A central problem for any charter school is space. While public school buildings are publicly funded, charter schools have no financial resources for building, renting, or renovating, and must find them or take them from the funds they get for teaching, which are in any case less than the support the public schools receive. Klinsky scoured the city and the suburbs (all while working in private equity) for low-achieving areas that might welcome his new school and in which he might find space. Eventually, through a chain of contacts, he discovered Walker’s new community building behind his church. Walker was enthusiastic, but the site was not ideal: the rooms would have to be cleared daily for church uses, and the kindergarten classes would meet in the assembly hall separated only by temporary barriers. But there was now space.
Would the school be authorized? Klinsky was at the same time working on opening two other charter schools, one in the very troubled minority Roosevelt district in Long Island, another in Queens, with the associated difficulties of finding space, creating community boards, etc. In the case of Roosevelt, there was also consistent opposition from the school district and the town authorities. Hundreds of pages of applications and supporting documents were provided to the SUNY committee that could authorize charter schools, but Sisulu (not yet called Sisulu-Walker) did receive a charter to open in 1999.
Many community meetings were conducted to explain the new school and its objectives and curriculum, and principal and teachers had to be recruited, all during the heat of a New York City summer. But Klinsky kept up the pace, and Sisulu opened with enough applicants to require a lottery.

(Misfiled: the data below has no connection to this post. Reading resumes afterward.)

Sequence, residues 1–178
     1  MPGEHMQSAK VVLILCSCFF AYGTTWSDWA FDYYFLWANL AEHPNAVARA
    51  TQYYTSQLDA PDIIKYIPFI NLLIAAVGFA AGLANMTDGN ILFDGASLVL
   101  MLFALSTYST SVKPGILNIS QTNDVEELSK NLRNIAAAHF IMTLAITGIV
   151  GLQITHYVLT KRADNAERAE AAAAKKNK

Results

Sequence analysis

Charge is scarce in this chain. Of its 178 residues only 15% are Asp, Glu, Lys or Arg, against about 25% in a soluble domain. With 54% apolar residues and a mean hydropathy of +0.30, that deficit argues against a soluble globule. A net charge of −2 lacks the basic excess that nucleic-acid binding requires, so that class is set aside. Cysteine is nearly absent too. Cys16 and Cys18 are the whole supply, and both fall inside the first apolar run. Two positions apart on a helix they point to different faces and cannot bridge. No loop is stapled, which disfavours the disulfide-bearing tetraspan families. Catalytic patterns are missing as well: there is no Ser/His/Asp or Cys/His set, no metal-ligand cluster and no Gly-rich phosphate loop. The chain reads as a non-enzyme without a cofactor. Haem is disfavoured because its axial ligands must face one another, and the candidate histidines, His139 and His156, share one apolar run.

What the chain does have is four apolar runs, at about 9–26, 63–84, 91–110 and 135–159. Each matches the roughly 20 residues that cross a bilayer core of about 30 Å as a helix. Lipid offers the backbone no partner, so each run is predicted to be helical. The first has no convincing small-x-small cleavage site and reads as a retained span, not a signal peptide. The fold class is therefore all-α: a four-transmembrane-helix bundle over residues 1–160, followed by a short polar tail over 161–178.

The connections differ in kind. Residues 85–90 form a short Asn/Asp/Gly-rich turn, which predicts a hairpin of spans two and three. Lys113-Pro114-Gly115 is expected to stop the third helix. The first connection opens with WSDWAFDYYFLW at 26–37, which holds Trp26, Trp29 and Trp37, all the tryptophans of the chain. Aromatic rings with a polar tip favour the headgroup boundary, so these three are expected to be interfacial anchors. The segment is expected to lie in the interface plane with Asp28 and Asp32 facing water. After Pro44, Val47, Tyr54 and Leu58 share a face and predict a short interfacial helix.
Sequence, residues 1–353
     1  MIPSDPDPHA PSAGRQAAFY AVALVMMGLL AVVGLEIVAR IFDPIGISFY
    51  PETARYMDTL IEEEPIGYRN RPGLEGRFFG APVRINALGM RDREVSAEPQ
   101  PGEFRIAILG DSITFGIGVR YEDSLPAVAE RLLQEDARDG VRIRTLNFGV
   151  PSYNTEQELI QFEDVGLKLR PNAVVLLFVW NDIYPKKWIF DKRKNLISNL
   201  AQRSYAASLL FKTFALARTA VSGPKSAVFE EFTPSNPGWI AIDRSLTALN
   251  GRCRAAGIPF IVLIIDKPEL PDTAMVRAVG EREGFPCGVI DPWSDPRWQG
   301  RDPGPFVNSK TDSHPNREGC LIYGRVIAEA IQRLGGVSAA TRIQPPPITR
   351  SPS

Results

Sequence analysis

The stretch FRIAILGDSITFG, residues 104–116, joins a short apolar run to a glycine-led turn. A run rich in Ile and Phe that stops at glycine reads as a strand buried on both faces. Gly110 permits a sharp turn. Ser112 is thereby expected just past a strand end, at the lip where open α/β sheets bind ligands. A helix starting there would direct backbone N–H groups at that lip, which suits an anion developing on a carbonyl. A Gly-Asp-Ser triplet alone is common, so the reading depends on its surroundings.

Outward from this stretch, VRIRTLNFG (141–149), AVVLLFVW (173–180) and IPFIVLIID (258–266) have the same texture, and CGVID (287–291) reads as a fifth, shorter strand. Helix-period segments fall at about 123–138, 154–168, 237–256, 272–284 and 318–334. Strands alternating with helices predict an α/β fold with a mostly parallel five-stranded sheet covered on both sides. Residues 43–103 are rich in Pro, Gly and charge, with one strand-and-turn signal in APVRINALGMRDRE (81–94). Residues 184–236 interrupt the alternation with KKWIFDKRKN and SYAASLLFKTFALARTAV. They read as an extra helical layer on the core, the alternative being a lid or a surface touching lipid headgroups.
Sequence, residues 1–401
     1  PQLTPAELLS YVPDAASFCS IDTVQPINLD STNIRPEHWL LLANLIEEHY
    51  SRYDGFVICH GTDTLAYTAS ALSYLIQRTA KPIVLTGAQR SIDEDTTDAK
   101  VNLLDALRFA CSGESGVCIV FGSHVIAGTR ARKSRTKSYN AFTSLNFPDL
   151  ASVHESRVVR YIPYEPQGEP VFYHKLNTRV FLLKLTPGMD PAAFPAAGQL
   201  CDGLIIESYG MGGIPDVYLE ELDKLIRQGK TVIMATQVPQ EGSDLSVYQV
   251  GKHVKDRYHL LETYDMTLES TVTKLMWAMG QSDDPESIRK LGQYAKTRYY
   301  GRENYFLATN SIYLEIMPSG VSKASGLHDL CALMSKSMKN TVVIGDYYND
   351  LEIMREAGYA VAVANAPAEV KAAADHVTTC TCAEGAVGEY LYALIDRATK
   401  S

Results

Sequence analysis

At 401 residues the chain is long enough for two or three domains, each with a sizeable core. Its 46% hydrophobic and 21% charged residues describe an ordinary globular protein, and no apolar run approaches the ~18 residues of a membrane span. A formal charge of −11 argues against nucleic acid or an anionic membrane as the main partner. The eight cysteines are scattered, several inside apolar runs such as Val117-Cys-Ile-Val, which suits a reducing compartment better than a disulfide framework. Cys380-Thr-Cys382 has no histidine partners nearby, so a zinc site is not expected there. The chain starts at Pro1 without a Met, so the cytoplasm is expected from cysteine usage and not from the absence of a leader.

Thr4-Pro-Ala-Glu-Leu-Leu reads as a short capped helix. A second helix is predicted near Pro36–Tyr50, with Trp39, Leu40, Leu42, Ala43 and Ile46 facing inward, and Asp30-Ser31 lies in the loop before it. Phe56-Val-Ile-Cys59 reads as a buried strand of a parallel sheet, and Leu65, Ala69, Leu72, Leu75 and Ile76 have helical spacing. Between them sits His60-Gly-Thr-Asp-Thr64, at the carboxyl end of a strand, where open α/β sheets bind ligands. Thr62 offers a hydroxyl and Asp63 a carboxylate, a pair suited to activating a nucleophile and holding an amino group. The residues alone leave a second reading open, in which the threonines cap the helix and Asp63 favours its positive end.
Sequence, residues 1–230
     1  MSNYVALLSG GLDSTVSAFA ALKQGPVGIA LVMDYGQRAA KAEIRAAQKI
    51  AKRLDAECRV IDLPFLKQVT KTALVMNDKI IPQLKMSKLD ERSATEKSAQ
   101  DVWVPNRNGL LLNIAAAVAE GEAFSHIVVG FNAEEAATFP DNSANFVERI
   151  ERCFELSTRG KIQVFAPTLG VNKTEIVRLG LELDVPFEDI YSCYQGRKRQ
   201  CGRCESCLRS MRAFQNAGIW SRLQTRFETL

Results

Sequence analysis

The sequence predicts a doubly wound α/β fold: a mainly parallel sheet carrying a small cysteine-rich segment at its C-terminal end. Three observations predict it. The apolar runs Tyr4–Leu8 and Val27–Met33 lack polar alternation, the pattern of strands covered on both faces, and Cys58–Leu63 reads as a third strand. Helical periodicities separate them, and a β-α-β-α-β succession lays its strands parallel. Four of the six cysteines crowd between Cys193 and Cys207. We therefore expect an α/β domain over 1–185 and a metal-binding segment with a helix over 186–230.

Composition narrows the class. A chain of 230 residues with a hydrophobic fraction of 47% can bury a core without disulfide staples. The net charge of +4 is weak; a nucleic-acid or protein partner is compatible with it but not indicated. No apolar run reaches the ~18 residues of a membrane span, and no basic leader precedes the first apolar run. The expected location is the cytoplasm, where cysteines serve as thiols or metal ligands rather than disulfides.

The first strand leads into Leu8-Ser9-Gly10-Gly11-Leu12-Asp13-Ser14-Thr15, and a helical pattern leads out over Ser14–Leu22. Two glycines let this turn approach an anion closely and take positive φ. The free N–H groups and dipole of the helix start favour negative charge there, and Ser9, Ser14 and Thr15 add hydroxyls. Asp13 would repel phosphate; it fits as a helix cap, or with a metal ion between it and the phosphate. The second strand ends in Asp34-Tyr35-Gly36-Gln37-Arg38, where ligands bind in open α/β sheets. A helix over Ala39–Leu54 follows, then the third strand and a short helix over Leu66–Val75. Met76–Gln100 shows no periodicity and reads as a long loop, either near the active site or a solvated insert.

Since then the school has flourished, but not without further difficulties. Finding more space at a nearby Police Athletic League (PAL) youth center, Sisulu expanded to grade 5, taking in more children from the community. But then it floundered, finding it difficult to manage in two facilities, the second of which also required clearing the space at the end of each day. One suspects it may have been adversely affected, as so many educational innovations are, by the fact that the creative individuals who found and staff the schools are ready to move on after two or three years. (We are given no details on staff turnover.)
The curriculum Klinsky had created also began to raise questions. Why DI? When private schools didn’t use it, why was it prescribed for these children? There was a showdown of the community board with Klinsky, who, despite his creative role in establishing the school, had no formal position in running it. His Victory group provided services and financing though loans (particularly rent for the facilities Sisulu used). Klinsky agreed to drop DI and forgave the million already expended on Sisulu. (There were also expenditures for the other charters Klinsky had founded and financed.)
Sisulu eventually withdrew from the PAL site, continued its expansion to 5th grade, and has been reauthorized by the state authority. Today it is flourishing, which is not true of the two other New York charters launched at the same time, which have run into financial and programmatic difficulties, as so many charters have. But unlike some of the best-known New York City charters, Sisulu has not been able to draw on large philanthropic contributions. Klinsky’s expenditures, while not clear, seem to amount to not much more than $1 million a school.
Why do they do it? Bounds writes, “Klinsky was walking away from his status as a senior-level partner of one of the most successful financial firms in the world. Leaving behind Gulfstream jets, Sikorsky helicopters, private chefs, drivers, and celebrity Aspen weekends, all for hard work in Harlem and Roosevelt, zero-pay and the need to start again.”
Why indeed, but Klinsky and others do. Most provide only the money, which is easy when one is wealthy. But some do much more, and in doing so they are bending an education system that has become sclerotic and exceedingly hard to move on any large scale.
Nathan Glazer is professor emeritus of education and sociology at Harvard University.